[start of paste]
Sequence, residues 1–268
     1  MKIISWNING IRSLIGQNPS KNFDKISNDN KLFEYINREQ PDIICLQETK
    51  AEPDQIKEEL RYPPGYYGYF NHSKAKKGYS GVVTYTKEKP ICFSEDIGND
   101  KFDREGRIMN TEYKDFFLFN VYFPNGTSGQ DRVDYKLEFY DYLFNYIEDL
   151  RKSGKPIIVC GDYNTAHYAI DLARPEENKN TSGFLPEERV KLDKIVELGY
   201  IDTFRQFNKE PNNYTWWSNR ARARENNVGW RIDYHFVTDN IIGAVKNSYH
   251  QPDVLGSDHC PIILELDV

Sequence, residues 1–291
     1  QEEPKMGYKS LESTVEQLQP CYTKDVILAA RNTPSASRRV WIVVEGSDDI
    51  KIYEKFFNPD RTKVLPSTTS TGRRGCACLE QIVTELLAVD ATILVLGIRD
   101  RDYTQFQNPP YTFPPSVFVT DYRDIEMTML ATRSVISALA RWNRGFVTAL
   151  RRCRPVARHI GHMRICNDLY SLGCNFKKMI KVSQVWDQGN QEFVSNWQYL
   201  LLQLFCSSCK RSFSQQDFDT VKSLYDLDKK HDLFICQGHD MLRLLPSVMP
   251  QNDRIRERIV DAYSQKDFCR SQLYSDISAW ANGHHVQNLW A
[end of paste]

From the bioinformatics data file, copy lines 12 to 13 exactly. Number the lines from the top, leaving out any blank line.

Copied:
   151  RRCRPVARHI GHMRICNDLY SLGCNFKKMI KVSQVWDQGN QEFVSNWQYL
   201  LLQLFCSSCK RSFSQQDFDT VKSLYDLDKK HDLFICQGHD MLRLLPSVMP